WTB’s Trail Boss is a decent tyre on a budget bike. There’s also the possibility to ditch the 15mm conical spacer beneath the stem (though this doubles as a headset top cap, so you’ll need to speak to your local bike shop to ensure this is possible). Of course, this will add to the overall cost. I shifted the saddle forward on its rails, which did help alter the seated position. However, it’s worth adding that the post won’t let you alter the angle of the saddle, which limits adjustment somewhat. Our test bike suffered from some side-to-side play on the FSA Gamma Pro crankset spindle, resulting in a clunk with every pedal rotation when climbing.
The saddle was shifted forward to improve the climbing position. This, coupled with the chainslap when rolling through rough ground, certainly made the Highpoint A1 feel a little cheaper and less sturdy than many of the other hardtail mountain bikes in its category. Another of my niggles comes down to the cable routing, which causes the rear brake and gear cable to rub the head tube and will likely wear away the paint. My test bike had Tektro disc brakes, which lacked the power and urgency the Shimano MT200s have in spades (these can be found on the Specialized Rockhopper Elite 29).
Shimano brakes are on the spec list, but our bike had cheaper Tektro stoppers. This immediately put the Highpoint on the back foot, because I rode much more cautiously and slowly than the bikes fitted with Shimano or Clarks brakes. This gave me more confidence, safe in the knowledge I could pull on the anchors and quickly scrub off speed, especially heading into steeper sections of trail. The wide bars add some control to the steering, which is a plus. Handling could be improved further by fitting a short stem to sharpen up the steering. While there’s a decent number of negatives in here, once you get used to the tall front end (and slam the stem as low as it’ll go), the Highpoint A1 is a fun bike to ride (if a little rattly at times).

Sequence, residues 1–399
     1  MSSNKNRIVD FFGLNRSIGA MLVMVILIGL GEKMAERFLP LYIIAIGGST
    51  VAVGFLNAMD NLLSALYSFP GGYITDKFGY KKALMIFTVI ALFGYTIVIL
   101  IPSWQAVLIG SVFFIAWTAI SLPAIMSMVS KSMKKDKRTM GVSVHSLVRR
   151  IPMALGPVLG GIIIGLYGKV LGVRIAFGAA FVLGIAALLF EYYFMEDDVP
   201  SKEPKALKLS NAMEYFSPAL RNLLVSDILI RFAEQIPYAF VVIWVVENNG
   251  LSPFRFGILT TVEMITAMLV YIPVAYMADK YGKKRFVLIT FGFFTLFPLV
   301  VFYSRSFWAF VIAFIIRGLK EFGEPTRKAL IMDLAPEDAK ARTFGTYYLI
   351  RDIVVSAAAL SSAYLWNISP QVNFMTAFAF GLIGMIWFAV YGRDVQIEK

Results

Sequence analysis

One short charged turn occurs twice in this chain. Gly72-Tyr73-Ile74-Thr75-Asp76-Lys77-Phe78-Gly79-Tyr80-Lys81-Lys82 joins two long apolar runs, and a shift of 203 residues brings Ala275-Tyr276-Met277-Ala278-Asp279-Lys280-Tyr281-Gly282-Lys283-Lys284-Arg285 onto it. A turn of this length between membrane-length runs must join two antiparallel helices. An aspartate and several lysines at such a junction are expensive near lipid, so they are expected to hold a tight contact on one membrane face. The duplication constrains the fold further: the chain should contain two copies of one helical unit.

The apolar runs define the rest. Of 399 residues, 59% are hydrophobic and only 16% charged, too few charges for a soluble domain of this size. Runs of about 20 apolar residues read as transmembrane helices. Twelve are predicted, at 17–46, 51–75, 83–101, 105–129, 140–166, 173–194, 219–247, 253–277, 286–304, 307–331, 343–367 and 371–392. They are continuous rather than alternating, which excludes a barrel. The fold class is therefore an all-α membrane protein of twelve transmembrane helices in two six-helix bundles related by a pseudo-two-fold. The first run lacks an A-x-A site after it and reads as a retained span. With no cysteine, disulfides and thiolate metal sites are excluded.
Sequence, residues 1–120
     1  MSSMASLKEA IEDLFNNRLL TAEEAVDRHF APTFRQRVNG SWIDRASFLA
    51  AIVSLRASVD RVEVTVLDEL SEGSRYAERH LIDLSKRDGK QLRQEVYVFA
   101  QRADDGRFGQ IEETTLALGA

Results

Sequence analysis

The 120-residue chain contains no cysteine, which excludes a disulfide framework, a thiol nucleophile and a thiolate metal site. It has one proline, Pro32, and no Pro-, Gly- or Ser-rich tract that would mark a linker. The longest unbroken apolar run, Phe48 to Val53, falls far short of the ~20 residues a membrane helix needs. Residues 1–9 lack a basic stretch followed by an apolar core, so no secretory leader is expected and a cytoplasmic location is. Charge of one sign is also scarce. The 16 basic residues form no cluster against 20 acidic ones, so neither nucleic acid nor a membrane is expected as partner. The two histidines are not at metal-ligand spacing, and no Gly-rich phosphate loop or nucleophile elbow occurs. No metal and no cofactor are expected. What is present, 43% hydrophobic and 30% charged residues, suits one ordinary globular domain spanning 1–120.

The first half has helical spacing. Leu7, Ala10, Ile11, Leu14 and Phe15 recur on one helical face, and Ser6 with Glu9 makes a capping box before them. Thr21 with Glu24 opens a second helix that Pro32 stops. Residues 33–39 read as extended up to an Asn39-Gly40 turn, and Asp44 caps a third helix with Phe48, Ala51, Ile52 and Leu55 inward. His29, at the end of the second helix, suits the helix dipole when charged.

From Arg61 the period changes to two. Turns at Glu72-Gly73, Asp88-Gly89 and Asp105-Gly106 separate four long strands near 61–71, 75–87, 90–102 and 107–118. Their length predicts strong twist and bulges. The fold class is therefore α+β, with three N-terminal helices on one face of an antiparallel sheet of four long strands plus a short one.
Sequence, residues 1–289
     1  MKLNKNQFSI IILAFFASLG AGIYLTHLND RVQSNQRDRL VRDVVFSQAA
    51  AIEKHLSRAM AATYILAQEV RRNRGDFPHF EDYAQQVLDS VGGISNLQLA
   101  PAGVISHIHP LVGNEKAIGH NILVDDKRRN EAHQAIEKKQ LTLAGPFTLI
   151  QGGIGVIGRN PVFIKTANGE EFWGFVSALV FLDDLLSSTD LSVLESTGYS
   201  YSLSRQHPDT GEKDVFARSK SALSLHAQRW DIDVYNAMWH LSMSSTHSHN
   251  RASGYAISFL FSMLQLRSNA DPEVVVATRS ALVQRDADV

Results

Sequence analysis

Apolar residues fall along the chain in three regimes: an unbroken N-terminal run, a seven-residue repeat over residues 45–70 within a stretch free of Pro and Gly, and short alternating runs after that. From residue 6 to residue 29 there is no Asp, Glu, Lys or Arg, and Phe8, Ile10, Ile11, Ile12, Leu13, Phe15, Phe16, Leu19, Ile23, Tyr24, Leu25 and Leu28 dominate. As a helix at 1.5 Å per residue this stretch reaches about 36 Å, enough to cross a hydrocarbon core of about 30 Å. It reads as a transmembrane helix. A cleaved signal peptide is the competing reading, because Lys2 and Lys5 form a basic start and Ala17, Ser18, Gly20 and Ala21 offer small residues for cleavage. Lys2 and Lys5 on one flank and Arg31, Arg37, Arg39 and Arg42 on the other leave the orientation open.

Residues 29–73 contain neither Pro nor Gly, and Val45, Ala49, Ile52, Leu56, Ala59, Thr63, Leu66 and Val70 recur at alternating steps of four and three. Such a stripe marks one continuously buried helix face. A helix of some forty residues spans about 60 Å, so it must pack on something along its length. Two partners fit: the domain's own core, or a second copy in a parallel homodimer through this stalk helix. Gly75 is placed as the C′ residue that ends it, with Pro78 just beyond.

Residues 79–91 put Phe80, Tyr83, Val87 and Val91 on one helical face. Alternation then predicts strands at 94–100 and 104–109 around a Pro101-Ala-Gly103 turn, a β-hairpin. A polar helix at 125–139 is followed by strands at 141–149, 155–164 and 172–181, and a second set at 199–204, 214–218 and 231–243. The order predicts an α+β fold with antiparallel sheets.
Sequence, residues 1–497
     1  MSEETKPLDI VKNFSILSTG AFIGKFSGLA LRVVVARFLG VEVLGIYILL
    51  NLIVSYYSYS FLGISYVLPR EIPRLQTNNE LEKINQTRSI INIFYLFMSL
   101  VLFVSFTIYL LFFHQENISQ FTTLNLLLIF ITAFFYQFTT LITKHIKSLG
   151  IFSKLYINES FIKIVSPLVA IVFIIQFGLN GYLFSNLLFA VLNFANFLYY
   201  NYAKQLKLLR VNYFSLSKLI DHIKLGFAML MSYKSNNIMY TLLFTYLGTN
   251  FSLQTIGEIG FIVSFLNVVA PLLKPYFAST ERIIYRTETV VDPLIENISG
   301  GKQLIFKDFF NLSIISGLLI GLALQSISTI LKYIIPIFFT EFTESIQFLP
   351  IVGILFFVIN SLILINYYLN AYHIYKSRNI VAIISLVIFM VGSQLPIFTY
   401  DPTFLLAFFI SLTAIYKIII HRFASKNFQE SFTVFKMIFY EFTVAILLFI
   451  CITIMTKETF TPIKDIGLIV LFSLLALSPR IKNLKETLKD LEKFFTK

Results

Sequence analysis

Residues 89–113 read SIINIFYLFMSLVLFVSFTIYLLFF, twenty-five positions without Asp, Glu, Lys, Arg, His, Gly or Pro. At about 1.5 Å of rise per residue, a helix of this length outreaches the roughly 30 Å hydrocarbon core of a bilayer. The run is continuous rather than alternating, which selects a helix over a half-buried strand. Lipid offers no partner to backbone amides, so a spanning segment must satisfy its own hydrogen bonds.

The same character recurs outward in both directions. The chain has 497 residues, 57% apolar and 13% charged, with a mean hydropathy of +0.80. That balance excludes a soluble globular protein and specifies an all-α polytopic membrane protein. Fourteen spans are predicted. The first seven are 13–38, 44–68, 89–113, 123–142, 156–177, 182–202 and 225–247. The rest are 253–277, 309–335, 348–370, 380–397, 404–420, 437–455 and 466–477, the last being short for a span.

The air-sprung forks enable plenty of rider-weight adjustability. While the Jamis doesn’t exude the same finesse and confidence as the best bikes in the test, the smooth-rolling 29in wheels, wrapped in the WTB tyres, offer reasonable levels of traction. The supple, well-controlled RockShox fork helps to keep the front wheel exactly where it’s needed too. That all adds up to a bike that, once you’re accustomed to it, happily chops and changes lines or can be popped over trail features, even if it doesn’t feel quite as capable over bigger drops or jumps as its counterparts.
Jamis Highpoint A1 bottom line
The bike is fun to ride, but is a little rattly over rocks and roots. On paper, the Highpoint A1 comes with a more favourable spec than many of its competitors, but it wasn’t quite enough to make up for the tall stack height and awkward seated position, which seemed to hinder both climbing and descending. There’s scope to make some changes and upgrades, though, which should make a positive impact on the ride feel, even if it does add to overall cost. Importantly though, the tyres, drivetrain and suspension fork (the priciest bits of kit) are all pretty much sorted from the get-go, which is great.